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Thriving in a Mobile MR World

mrmwsignI really enjoyed my time last week at Merlien’s Market Research in the Mobile World 2011 – a great place to meet and exchange ideas with the people and companies working to make effective mobile research a reality. We discussed the nitty-gritty of mobile survey applications, and the big picture of mobile adoption around the world. Taking it all in it’s hard to argue that mobile won’t play a major role in the future of the market research industry, both in the developed and developing worlds.

Here’s the thing, though. Most of the conversation during the conference focused on the “what” of mobile research – how to reach people, or whether or not to keep surveys short(er). Very little was said about the “so what,” even though that’s where we as research professionals can earn respect and remain relevant.

Technology firms were ascendant; discussions about what to do with the data far less extensive. And while this was perfectly appropriate given the emerging nature of mobile survey applications, it made me wonder about how we'll do once mobile's fully arrived as "the 5th methodology."

Right now of course more people are asking why mobile? than are asking how mobile? There are very good answers to that question (It's immediate! It's in the moment! It lets us into places we haven't previously been invited!), but we should be careful not to confuse these methodological arguments with useful research answers. As mobile research mainstreams our clients will stop questioning its validity and start demanding its utility. Will we be prepared? Or will the current inclination towards DIY mobile research turn into another nail in the traditional market researcher coffin?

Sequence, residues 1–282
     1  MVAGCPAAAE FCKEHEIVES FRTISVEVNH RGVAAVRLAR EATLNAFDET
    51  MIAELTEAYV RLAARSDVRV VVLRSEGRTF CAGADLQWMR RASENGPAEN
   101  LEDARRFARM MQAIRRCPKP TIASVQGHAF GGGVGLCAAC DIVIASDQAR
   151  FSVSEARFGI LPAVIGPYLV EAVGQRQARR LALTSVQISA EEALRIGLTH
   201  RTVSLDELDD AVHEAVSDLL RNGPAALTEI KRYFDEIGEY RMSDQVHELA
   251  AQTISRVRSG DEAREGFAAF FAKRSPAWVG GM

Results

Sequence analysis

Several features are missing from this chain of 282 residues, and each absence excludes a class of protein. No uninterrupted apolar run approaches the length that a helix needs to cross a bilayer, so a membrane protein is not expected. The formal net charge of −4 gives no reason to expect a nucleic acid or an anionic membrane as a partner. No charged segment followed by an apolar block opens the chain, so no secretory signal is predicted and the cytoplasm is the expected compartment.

Hey I'm someone routing for MR to adapt and thrive (coffins are creepy). Let's play to our real strengths - the ones that really should be true regardless of methodology.

  • Challenge people for the why underlying the what. At the conference Leonard Murphy talked about the bright future of mobile qualitative and I agree. As researchers we're supposed to be the "why people," and in a mobile setting that has to mean more than simply asking better survey questions within a short-format questionnaire. It should also mean regularly leveraging the qualitative capabilities unique to mobile in the service of more powerful feedback.
  • Sift and ye shall find. Our mobile surveys will most likely be shorter, and yet the potential for data overload may increase given the ability to gather highly detailed (but not necessarily useful) "passive" data from participant devices. More than ever we need to embrace the role of curator and storyteller with regard to both qualitative and quantitative information, ideally with the aid of text mining or other pattern recognition software solutions.
  • Most of all let's be the ones most interested in the "so what" of mobile. We can no longer just assume we'll know more about statistics than our internal clients, as analysis has become necessary survival skill for most professionals. What I hope, however, is that we can still legitimately claim the mantle of "most interested." Engineers don't design buildings because of their training; they do so because they've probably always liked to build things. Similarly Market Researchers have always been the folks who ask the most questions and look closest at the data because that's what we like to do. If that's still true, then why wouldn't you invest time in understanding and critiquing mobile techniques?

Comments

  • Ed Olesky
    Ed Olesky Sunday, 31 July 2011

    Great points Mike; I agree that once we nail down some of the practical methodological issues the real point is how can we use the data to serve business needs effectively. Thanks for the reminder that we can't put the cart before the horse on this; the end has to drive the mean as much as we can.

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